Nobody likes to see children in the hospital, it just doesn’t seem fair that such a young life should have to spend time inside of one for an injury or illness. It seems, though, that job sites near children’s hospitals can bring the best out of construction workers. For example, some construction workers who were on a job across from a 2 year-old leukemia patient last year, wrote a get well message for her on a steel beam that touched her and her family. But, this year, a construction foreman in South Bend, Indiana has created a real life ‘Where’s Waldo?’ to play with the pediatric patients across the way.
A crane being used to construct the new Tappan Zee Bridge in New York has collapsed across active lanes of traffic. The collapse happened on Tuesday and is blocking all lanes of traffic on the bridge that it was replacing. So far the news outlets report 5 people are injured due to the incident.
There’s nothing better than a big glass of water filled with ice on a hot summer day. Concrete may feel the same way, also.
With the introduction of 3D printers on construction job sites, many are worried that robots will begin taking over the jobs of hardworking tradesmen. It’s more likely, however, that workers will be working WITH robots long before we’re completely replaced. For example, one company that makes exoskeletons to help paraplegics walk is also developing an exoskeleton specifically for constructions workers that will allow them to lift 50 pound pieces of equipment with one finger. Now, a former NASA and General Motors (GM) partnership has turned into an expedition into the blue collar fields.
In May of 2016, OSHA announced a new rule hoping to gain valuable data regarding workplace incidents would go into effect starting August 10, 2016. After the announcement, several construction industry groups spoke out about their apprehensions of the new rule and the effective date has recently been pushed back to November 1, 2016. The new rule will not only help OSHA gain data into workplace injuries, but it will also require construction companies to make their injury records public, much like restaurant health records are made public. Personal health data will still be kept private, but the injury numbers will be counted against employers. OSHA also requires employers to allow workers to report injury without fear of retaliation under the new rule.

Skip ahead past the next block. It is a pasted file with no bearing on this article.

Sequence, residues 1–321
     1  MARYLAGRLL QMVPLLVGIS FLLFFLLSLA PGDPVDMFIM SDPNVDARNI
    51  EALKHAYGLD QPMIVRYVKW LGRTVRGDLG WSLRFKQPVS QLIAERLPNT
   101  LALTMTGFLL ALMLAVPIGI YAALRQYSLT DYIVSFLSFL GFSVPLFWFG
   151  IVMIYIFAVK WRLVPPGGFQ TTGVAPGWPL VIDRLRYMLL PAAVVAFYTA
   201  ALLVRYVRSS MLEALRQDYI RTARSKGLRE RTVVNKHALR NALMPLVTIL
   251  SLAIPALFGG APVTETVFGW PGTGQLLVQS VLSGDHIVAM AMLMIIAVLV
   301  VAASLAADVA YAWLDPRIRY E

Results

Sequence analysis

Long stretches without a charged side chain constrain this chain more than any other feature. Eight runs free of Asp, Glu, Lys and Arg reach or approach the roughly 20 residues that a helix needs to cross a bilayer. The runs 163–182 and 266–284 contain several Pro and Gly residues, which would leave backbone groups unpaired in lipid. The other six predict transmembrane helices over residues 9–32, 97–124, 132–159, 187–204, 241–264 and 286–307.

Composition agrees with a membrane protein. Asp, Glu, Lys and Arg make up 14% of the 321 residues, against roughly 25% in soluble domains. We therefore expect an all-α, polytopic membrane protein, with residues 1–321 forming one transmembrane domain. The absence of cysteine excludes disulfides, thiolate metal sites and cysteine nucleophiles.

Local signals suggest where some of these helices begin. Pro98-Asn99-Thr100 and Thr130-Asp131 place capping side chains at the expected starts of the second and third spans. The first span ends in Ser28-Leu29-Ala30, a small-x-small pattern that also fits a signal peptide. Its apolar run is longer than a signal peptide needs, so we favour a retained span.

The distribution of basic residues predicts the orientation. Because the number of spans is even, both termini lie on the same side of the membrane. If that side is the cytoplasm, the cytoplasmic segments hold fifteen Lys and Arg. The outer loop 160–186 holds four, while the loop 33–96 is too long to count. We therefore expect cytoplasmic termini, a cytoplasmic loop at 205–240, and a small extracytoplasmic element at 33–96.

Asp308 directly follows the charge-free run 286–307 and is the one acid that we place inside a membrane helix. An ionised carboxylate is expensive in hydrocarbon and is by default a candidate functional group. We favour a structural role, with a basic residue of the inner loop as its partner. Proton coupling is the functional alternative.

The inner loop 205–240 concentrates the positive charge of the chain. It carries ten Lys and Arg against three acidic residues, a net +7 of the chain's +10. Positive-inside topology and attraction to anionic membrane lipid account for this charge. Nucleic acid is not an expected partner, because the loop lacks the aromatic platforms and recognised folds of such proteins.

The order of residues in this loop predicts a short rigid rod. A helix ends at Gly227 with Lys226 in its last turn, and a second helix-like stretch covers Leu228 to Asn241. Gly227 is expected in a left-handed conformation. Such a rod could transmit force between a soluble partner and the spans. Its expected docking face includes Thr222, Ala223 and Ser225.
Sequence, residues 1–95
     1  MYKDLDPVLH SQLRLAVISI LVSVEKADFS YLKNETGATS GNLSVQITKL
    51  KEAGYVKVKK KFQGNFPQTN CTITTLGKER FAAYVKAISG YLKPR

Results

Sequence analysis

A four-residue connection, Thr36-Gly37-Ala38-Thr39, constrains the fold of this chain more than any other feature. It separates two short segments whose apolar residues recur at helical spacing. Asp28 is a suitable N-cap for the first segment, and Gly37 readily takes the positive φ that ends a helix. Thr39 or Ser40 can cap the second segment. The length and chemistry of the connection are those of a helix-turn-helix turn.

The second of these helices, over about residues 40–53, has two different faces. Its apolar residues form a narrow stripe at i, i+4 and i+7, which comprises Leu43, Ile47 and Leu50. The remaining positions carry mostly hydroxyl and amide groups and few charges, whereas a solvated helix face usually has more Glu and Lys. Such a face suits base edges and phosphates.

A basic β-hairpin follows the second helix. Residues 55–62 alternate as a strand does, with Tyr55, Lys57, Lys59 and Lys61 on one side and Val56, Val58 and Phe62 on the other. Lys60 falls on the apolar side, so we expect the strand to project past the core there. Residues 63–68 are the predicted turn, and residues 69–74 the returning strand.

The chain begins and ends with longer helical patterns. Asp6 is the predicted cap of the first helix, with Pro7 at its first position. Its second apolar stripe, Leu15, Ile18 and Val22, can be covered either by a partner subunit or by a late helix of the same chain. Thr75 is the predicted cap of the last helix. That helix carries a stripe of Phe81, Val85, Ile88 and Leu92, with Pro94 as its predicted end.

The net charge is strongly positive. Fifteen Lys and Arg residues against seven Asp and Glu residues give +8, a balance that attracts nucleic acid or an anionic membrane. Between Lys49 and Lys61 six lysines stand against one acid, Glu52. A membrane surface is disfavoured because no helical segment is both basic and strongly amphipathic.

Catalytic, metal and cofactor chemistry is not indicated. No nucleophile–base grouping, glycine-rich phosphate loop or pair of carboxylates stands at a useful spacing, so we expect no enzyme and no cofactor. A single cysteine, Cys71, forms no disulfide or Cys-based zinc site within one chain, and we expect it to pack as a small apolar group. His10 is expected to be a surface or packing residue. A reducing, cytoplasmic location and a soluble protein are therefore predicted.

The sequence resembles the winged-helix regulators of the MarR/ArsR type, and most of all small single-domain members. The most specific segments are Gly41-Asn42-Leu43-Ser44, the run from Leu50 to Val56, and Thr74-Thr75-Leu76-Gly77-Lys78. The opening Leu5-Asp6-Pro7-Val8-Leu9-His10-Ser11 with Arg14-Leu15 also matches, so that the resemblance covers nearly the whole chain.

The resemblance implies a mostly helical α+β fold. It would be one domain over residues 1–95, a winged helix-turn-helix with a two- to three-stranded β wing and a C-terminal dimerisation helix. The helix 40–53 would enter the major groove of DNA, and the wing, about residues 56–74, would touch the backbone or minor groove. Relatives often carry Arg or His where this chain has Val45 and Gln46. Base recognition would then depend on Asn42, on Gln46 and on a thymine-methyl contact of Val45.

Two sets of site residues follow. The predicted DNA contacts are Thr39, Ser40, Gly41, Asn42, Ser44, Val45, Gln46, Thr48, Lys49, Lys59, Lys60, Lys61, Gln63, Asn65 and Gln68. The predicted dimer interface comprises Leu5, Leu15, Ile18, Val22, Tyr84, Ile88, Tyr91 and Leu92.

“Shake Hands With Danger,” as the below safety video from 1980 is called, will ignite your nostalgia for the decade and maybe even give you a few laughs. No matter how cheesy it can get at points, It will also remind you how important it is to conduct your business safely.
DeWalt is killing the power tool battery game right now, there’s no doubt about it. With the recent release of their new flagship product, FLEXVOLT, which consists of a line of 60V and 120V cordless power tools and batteries, their mission is to turn every jobsite into a mobile jobsite. Now, their doubling down on battery solutions with the announcement of a portable power station that can power most corded tools by plugging into a series of batteries.
Imagine a world where the millions upon millions of square feet of roadway and parking lots across the world actually served a greater purpose than a flat surface to drive and park a vehicle. That’s the world that Scott and Julie Brusaw, creators of Solar Roadways, imagine and their dream is becoming closer to reality after years of testing and research.
The World’s first Ferris Wheel was designed and built for the 1893 World’s Columbian Exposition in Chicago, IL in 1893 by George Washington Gale Ferris Jr. Since then, the wheels have been a staple of many state fairs across the United States and many other places throughout the World. Much like tall buildings, the past few years has shown us that having the tallest Ferris Wheel is a strong source of pride for a city or country.